We’ll get the group off to a fast start by challenging the force-placed insurance business model. I’ll get us started by giving an overview of the legacy business model that has been in place since the days of force-placed insurance before Dodd-Frank.
As we advance any of our discussion in this group, we will always look at an issue through the eyes of the stakeholders, which in most cases will act like a three-sided prism, with the three sides representing:
The Borrower’s View
The Lender’s View
The Insurance Tracker’s View
Here are the traditional stakeholders’ views:
Does not wish to be force-placed, especially if they have insurance.
Wants a low-cost solution to transfer portfolio risk for safety & soundness.
Offset the expense of the insurance tracking operation and make a profit.
We will spend much time in the future discussing how we can align the goals of the stakeholders, but for now, we will look at how the industry is currently addressing these views in the current force-placed insurance business model.
The Business Model
The lender’s loan servicing department could do the best job tracking and servicing their borrowers’ insurance needs. However, folks in the loan servicing world know this is an expensive proposition, and management wants to reduce loan servicing non-interest expense (NIE).
Under pressure to reduce costs, loan servicing management looks for an outsource insurance tracking vendor to bring systematic efficiencies and ultimately reduce the NIE associated with tracking their borrowers’ insurance.
The outsource insurance tracker understands that the lenders need a low-cost solution, so they offer insurance tracking for free, or below their cost to meet the NIE reduction objections for the lender.
Who will pay the insurance tracking bill?
We make the assumption (or we can debate it in our group) that ultimately, the borrowers are paying the cost for insurance tracking.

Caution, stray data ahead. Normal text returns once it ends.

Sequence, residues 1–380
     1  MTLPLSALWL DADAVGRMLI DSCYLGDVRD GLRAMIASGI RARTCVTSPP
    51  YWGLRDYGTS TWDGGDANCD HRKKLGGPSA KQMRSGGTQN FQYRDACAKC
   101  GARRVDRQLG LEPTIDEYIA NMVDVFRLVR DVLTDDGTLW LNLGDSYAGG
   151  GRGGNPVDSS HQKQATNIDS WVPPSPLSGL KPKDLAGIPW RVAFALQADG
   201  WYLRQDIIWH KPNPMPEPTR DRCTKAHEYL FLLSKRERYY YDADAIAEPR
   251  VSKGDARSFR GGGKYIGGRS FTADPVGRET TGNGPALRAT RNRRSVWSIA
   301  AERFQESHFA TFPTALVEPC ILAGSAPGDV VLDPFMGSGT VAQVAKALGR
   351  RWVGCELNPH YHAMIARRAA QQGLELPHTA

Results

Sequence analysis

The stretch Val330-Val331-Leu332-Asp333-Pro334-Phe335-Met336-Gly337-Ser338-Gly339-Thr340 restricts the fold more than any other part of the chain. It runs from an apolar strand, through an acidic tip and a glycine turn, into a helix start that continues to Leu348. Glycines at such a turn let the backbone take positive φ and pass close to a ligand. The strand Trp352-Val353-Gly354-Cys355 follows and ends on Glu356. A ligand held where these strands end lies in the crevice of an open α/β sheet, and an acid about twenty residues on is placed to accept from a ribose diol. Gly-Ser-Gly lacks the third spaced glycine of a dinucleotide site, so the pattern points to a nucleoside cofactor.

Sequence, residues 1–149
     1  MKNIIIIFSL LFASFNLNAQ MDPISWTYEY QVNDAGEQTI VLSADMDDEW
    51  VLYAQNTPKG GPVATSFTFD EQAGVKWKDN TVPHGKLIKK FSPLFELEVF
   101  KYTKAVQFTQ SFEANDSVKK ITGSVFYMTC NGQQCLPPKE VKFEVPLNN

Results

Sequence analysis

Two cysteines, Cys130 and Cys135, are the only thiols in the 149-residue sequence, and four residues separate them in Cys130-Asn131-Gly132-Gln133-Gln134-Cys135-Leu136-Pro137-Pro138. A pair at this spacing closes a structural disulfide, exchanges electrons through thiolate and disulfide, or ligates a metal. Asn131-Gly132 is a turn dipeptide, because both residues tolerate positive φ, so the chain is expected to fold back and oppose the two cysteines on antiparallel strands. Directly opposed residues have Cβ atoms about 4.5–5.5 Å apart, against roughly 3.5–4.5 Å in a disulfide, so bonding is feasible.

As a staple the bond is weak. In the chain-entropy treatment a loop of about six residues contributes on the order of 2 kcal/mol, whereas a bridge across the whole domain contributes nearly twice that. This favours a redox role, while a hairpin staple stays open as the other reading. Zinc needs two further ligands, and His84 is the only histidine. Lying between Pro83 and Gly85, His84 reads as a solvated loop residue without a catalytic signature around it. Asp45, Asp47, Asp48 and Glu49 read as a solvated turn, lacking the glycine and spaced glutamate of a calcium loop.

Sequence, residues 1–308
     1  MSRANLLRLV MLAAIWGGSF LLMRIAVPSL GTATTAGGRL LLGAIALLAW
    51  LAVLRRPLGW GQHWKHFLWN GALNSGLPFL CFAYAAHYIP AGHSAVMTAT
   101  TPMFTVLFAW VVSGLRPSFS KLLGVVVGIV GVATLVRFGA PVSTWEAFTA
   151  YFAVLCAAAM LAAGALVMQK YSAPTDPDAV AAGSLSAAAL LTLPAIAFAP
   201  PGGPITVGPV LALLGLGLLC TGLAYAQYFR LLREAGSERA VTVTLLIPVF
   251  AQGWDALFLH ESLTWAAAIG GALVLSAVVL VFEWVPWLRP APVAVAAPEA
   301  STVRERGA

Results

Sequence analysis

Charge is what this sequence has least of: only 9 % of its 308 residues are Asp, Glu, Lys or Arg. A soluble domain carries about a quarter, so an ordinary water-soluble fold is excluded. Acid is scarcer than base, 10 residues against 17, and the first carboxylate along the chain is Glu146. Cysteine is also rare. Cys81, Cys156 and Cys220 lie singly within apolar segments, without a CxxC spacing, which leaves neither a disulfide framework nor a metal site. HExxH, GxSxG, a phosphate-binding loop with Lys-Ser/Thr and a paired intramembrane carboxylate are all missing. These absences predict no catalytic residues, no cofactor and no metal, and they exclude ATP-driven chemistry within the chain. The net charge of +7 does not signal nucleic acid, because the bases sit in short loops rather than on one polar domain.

If the insurance tracker is providing a service below cost, or at no cost, how do the insurance trackers make a profit? The answer is by the borrower paying the force-placed insurance premium. The commissions from this premium is the revenue for the insurance tracker.
So let’s review our prism:
Borrower: Pays for force-placed insurance premium
Lender: Outsources insurance tracking reduces Non-Interest Expense
Tracker: Gets paid from the commission of the force-placed insurance policy and possibly some tracking fees.
Historically in any loan portfolio, be it a vehicle portfolio or a mortgage portfolio, only one to two percent of the borrowers are force-placed at any instant in time. Those borrowers generate the commission for the insurance trackers. The other 98 percent of borrowers are insured and generate no revenue for the insurance tracker.
Everyone up to speed?
So here is the rub that I want to discuss in this first post.
Is it fair (or compliant) for two percent of the borrowers to pay the majority of the tracking costs of the other 98 percent of borrowers in the portfolio?
Any opinions? Please comment within the LinkedIn Group “Bankers & Force-Placed Insurance” so that we can keep the discussion within the group.